It looks like ODFW is going to for sure keep steelhead season open through the year as run numbers have been good enough to warrant a season. Fish with the ultimate respect to steelhead, and when you know it is a wild fish upon landing keep it in the water, revive well and release it.
We are going to open up our October through Mid-December guide calendar for steelhead trips if you want to book with one of the FFP guides who really love to chase these fish. Steve and Troy are passionate about anadromous fish and Spey rods.
The Middle Deschutes from Bend to Lake Billy Chinook is good, and offers a lot of access points for an all day affair, or a quick evening or afternoon jaunt.
Euro Nymphing is going to be your best throughout the day, but dry fly fishing is good at times mid day with PMD’s and small tan caddis, but in the evening BWO, Caddis, Rusty Spinners and just a plain ol’ Purple Haze are going to treat you right.
The Upper Deschutes Headwater stretch is still closed due to fire fighting activity. We hope to get back up there before it closes on September 30th.
The Fall River is fishing great, lots of fish on nymphs and streamers. There are good hatches of BWO and Midges, and I believe PMD’s will continue to be good for another 2 weeks or more. Ants and Hippie Stompers have been good for risers, or for making them rise. Mid Week crowds have been fewer, and early morning and evening fishing is really uncrowded most of the time.
The Crooked River is lowering to 10 cfs as we speak. They began the process on Wednesday this week and have been doing it as responsibly as possible to save fish and others critters that need to escape shallow water. Today is 35 cfs.
None of us in the angling community wanted this to happen.
I do thank whoever made them do the deed slowly, instead of all at once. This truly will help.
The Crooked has been at 10 cfs many times over my nearly 40 years of fishing and working there. It has survived it before and it will survive it again. The smaller trout seem to do really well, and I have 2 reasons for optimism for the bigger fish. #1 is this is temporary until 11/1/22 we believe. We should not see any really extreme hot or cold weather between today and November 1. One would think….
#2, is a big conservation project I know many agencies including ODFW and conservation groups including Trout Unlimited were involved in removing the weir at Mile Post 9. This is huge as it allows the bigger fish to swim farther downstream to where the river has less gradient and more pools. Our trout should do better than in years past when the river also suffered 10 cfs periods.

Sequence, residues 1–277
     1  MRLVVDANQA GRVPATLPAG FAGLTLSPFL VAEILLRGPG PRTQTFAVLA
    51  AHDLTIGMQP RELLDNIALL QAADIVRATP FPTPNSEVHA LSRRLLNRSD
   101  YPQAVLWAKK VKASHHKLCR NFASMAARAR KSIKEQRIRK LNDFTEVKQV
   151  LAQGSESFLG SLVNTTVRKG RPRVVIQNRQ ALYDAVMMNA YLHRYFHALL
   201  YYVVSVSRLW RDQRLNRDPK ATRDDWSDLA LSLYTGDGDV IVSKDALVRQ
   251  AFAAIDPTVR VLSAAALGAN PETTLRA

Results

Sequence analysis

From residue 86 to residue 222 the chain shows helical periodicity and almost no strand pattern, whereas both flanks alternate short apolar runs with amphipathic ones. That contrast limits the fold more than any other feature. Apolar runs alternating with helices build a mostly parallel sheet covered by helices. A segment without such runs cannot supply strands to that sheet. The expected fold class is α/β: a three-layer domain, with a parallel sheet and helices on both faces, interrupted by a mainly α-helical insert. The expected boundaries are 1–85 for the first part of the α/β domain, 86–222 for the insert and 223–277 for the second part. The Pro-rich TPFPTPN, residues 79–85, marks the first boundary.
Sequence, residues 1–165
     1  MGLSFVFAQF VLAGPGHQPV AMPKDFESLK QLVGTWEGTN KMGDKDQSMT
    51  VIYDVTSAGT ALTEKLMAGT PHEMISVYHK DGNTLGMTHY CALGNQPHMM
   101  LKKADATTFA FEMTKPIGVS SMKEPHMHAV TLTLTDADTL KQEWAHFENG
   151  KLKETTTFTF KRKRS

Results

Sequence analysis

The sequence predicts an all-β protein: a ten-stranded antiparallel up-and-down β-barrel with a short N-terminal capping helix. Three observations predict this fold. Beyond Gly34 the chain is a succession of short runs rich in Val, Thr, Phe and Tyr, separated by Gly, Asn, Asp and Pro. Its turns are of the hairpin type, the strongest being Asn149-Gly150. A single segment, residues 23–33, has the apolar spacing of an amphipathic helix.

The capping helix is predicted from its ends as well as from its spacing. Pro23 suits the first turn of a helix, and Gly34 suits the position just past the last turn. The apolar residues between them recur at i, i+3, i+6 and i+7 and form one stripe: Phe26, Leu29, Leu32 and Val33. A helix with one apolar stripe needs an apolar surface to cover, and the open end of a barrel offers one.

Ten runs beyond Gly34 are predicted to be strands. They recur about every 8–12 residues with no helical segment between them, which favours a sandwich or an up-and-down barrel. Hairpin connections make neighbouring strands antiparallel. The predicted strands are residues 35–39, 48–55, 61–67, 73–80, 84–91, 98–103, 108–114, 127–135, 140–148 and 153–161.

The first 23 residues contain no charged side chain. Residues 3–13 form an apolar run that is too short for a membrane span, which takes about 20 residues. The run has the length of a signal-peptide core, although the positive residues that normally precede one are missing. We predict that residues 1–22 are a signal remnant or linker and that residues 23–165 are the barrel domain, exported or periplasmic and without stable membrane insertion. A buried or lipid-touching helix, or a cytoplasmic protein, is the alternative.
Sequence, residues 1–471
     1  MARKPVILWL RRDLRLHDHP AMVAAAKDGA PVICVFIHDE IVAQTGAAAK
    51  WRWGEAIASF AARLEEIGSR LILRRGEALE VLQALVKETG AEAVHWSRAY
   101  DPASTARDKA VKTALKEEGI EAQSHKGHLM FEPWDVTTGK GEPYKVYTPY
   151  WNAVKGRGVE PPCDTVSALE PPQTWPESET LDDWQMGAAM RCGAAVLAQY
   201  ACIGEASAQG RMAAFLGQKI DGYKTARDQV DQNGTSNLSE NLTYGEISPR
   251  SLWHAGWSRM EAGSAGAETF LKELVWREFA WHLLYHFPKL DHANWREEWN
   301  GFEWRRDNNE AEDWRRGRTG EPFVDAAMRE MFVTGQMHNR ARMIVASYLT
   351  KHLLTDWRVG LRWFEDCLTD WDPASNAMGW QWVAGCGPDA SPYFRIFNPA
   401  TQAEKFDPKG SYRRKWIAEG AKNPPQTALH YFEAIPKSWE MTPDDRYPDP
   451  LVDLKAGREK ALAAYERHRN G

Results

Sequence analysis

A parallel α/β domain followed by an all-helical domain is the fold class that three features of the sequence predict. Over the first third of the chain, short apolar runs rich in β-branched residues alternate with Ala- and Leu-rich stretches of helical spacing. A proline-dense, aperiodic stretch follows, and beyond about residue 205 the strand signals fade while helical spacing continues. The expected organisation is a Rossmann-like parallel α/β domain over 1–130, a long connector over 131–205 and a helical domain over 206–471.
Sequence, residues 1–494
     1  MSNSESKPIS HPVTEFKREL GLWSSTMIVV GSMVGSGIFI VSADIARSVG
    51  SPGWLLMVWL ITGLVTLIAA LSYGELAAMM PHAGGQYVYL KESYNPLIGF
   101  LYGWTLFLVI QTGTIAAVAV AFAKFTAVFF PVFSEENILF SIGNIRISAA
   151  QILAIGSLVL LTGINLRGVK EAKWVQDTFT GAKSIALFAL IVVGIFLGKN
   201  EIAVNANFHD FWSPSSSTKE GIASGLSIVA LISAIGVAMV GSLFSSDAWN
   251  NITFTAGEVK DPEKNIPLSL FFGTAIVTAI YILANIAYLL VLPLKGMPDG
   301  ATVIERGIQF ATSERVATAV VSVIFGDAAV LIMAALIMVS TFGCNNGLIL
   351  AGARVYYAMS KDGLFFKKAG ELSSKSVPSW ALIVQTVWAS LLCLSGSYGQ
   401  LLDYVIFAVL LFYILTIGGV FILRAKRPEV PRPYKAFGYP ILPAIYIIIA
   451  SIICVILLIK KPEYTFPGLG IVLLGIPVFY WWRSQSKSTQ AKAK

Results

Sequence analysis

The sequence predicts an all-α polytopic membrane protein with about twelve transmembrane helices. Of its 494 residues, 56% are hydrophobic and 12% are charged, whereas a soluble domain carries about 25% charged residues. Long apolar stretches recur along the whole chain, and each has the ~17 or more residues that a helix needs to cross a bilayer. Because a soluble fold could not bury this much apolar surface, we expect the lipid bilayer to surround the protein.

I had a good exchange with a customer last week (thanks Paul for the interaction) and want to stress to all of you that this is not a Chickahonimy or Haystack type of situation. These fish dont need to be harvested to protect them from a horrible death. They just need to be left alone for a little while and they are going to be okay.
This goes without saying but FFP and our guide team is strongly against fishing the Crooked River until the water pops back to normal. Can we count on our readers to not shoot fish in a barrel and stay away for a while too?
The McKenzie is our #1 guide trip destination now and the FFP guide squad is whacking a bunch of fish on Euro Jigs, some streamer action and occasional dry fly fishing.
It is my understanding that Hosmer Lake is accessible and that the road closure is near there but not included in the evacuation order. Good stuff.
Waterboatman, Leeches, Damsel Nymphs, Soft Hackles, Scuds, Chironomids and a Black Butte Callibaetis dry, even though I doubt you’ll see any mayflies at this time.
The Lower Lake is cooling nicely by now with the cold nights around here, so feel good about fishing any area of the lake.
Still no access to Crane Prairie, Wickiup, Davis, Lava, Little Lava, Cultus, Little Cultus, North Twin and South Twin as well as the hike in lakes west of the Cascade Lakes Hwy.
Todd Lake and 3 Creeks Lake are 2 I’d fish this week. Leeches, Chironomids, Ants, Beetles and maybe some straggler callibaetis, but even if you didn’t see a hatch, the nymphs will be good as many of the nymphs will overwinter and not be ready to hatch until next summer.
I was on Paulina Monday, Friday and Saturday guiding and all 3 days shared good balanced leech fishing under an indicator, and the last couple of days were amazing dry fly fishing on black foam beetles, hippie stomper black and hippie stomper red.
East Lake is seeing an end to the Callibaetis hatch, though one might be lucky to see enough to get a fishable hatch for a bit. Nymphs of callibaetis will continue to be an important food source until the water temps go into the low 40’s.
Ants, Beetles, Chironomids, Scuds and Leeches are great. Damsel Nymphs can be important and would be something to fish over the weed beds.
Early risers should fish Chub streamers on the shorelines and see what might happen in terms of connecting with a big brown.
I need to go tie some flies for this weeks guide trips.
Hope to see you on the water or in the shop.